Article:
The Dixie Fire in California, which is now over a million hectares (900.000 acres) wide, is approaching the Allen Telescope Array and threatening the Allen Telescope Array (ATA)”s search for extraterrestrial intelligence (SETI).
If someone says that climate change is going to disturb the search for alien life, people are going to use a series of telescopes which, combined with the wildfires exacerbated by the climate crisis, will use to look between the stars.
ATA is the only facility of its kind whose primary task is to seek for radio signals from alien life.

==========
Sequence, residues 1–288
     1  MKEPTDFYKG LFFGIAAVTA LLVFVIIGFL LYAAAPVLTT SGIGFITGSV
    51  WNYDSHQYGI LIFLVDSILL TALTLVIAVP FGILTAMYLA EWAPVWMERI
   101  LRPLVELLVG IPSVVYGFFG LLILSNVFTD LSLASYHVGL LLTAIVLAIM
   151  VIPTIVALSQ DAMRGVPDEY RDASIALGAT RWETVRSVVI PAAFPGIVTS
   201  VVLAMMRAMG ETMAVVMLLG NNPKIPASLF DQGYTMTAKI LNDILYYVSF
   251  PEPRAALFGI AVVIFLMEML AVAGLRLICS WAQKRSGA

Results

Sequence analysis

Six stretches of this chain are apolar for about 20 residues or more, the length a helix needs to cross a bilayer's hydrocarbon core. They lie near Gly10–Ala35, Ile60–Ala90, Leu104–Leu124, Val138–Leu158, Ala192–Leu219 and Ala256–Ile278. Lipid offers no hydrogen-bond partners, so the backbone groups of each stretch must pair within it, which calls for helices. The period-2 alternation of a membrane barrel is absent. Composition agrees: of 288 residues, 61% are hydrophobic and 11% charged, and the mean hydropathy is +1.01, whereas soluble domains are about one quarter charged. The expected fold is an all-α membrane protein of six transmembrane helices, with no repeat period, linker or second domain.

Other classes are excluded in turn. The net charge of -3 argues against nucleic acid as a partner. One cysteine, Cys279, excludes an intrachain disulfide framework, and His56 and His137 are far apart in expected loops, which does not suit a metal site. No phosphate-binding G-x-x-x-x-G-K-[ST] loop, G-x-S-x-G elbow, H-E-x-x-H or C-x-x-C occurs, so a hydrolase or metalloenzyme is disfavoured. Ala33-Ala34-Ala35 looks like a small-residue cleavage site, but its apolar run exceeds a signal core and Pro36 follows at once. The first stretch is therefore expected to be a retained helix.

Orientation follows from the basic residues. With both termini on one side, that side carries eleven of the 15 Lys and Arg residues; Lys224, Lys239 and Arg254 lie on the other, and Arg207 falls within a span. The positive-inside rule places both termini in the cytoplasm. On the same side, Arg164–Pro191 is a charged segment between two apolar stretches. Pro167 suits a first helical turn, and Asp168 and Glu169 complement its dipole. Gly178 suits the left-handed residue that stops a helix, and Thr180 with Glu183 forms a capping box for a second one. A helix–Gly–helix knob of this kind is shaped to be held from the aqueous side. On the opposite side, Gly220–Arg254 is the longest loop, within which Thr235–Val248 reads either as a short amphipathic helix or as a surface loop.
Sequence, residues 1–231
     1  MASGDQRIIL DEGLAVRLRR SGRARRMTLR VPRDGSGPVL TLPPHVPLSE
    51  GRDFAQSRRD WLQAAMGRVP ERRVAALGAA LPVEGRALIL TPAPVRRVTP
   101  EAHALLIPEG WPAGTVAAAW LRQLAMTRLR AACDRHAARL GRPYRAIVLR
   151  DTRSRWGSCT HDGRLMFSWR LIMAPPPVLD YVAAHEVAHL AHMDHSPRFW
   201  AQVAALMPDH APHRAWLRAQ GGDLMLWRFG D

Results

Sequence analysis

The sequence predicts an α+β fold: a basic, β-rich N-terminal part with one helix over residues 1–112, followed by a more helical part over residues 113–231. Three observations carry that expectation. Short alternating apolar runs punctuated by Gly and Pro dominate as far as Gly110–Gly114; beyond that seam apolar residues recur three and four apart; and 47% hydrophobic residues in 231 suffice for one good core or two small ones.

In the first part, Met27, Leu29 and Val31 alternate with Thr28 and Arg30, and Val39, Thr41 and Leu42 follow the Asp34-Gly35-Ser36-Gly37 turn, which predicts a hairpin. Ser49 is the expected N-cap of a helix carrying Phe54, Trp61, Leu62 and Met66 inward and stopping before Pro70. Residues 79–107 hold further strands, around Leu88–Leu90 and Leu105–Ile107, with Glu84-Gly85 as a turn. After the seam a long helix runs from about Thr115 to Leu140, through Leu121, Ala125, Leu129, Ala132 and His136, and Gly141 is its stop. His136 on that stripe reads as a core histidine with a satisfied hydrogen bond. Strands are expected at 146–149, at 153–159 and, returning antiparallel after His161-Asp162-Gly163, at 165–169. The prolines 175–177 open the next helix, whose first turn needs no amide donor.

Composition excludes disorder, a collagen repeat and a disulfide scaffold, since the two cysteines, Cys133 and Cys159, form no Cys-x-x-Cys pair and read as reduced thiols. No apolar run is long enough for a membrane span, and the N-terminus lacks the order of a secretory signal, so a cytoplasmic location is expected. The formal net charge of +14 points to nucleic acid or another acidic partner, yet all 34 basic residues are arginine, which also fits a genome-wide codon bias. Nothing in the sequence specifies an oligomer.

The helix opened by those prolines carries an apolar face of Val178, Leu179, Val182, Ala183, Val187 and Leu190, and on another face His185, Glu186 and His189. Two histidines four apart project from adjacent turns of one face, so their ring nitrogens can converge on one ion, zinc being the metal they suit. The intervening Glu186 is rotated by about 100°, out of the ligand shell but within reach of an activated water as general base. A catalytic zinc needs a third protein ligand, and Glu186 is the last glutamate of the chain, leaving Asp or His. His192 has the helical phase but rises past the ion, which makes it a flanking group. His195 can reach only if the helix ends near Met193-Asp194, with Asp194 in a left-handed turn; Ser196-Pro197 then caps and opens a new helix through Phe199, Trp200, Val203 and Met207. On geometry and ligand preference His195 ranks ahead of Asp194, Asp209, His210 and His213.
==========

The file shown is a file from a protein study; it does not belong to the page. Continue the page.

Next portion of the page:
With floods moving northward in Auroville, ATA Science and Technology Operations Manager Alex Pollack evacuated the plant as a precaution and is struggling to mitigate the threat caused by 42 antennas from the system.
Since the microwave radio signals monitored by the ATA have no impact on the Earth’s atmosphere, the site does not have to be placed at higher altitudes such as peaks or plateaus, as optical reflecting telescopes do.